The Merced River bend near Southside Drive is farther away from the fall, with more foreground possibilities, including the river and reflections, so you’ll be able to use a greater range of focal lengths here. Don’t get so caught up in photographing the fall that you overlook wider possibilities that include the river.

From either location I think vertical compositions work best (there’s a reason you don’t see lots of horizontal Horsetail Fall images), but that doesn’t mean there aren’t horizontal opportunities too. I like to identify a go-to composition based on the conditions, then vary between wide/tight and horizontal/vertical. If the sky is boring (cloudless), minimize or eliminate it from your composition. If there are clouds that make the sky interesting, by all means include them.

A frequent rookie mistake is cutting the waterfall off at the bottom. I’m not saying there’s never a reason to do that, but unless you consciously decide to truncate the fall because you think it’s the way to compose your frame, make sure you include the diagonal ridge that Horsetail disappears behind.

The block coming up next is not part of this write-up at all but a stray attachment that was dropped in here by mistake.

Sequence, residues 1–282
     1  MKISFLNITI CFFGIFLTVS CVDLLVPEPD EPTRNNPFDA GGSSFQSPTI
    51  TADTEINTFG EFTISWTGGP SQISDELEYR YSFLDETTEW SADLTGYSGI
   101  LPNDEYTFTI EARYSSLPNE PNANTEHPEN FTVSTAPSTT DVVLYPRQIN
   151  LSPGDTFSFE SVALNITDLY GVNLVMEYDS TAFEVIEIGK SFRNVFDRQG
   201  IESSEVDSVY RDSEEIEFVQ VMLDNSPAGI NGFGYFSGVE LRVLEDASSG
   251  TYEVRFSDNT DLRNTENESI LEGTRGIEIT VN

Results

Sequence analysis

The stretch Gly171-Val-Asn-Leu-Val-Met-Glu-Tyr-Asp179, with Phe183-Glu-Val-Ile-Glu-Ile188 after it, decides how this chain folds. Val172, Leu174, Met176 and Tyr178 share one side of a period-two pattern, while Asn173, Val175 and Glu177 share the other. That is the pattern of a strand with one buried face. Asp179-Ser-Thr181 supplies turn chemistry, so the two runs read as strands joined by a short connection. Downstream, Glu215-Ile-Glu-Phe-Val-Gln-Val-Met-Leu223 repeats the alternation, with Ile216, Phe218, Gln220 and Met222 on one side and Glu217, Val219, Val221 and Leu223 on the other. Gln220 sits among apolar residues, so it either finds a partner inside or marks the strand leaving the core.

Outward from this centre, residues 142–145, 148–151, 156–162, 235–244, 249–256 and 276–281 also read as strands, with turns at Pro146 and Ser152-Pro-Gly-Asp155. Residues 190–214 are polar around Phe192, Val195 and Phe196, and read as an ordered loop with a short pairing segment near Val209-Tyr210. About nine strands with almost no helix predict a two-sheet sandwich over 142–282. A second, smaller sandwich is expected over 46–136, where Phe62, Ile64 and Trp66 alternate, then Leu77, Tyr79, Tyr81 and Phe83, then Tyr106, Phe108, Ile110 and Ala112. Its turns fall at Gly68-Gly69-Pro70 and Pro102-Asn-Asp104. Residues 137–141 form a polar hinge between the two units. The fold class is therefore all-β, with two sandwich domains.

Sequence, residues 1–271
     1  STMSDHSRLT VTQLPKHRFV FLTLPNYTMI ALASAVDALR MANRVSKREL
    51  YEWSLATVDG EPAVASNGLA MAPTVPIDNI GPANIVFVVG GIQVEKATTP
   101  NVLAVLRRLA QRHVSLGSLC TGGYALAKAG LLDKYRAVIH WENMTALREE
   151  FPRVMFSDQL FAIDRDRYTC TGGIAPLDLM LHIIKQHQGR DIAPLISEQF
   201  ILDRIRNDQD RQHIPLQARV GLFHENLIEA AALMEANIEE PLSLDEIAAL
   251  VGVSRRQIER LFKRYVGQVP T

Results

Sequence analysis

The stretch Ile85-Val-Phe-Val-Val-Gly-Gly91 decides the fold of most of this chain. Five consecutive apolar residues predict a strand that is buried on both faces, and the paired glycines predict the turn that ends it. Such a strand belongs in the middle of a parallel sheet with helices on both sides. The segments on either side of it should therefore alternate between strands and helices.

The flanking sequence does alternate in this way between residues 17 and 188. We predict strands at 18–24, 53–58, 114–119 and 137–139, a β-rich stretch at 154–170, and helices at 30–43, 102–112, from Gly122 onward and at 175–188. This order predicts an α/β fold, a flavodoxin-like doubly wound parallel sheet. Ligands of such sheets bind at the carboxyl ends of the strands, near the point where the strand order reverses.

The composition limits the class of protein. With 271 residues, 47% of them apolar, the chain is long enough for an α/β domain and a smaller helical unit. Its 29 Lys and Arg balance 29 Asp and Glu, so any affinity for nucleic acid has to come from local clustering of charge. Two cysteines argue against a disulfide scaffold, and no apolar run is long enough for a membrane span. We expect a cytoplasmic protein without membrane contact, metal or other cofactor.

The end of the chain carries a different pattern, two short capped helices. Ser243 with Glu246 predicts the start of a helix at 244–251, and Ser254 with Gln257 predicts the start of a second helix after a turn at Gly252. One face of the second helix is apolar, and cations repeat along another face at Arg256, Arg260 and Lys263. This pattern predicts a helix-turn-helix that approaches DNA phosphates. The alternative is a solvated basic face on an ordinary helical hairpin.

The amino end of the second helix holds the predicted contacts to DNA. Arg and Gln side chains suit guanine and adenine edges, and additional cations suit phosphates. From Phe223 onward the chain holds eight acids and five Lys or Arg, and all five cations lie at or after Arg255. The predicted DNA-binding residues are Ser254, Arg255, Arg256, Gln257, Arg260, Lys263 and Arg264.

Filters

If your camera struggles with dynamic range, a graduated neutral density filter will help any shot that includes the sky—a two-stop hard GND angled across El Capitan parallel to the tree line should do the trick. This usually requires some Photoshop dodging and burning to hide the transition, but it’s the only way to darken the brightest part of the sky, which is usually in front of (not above) El Capitan. Since switching from Canon to Sony, I have no problem with the dynamic range and no longer use a GND for Horsetail Fall.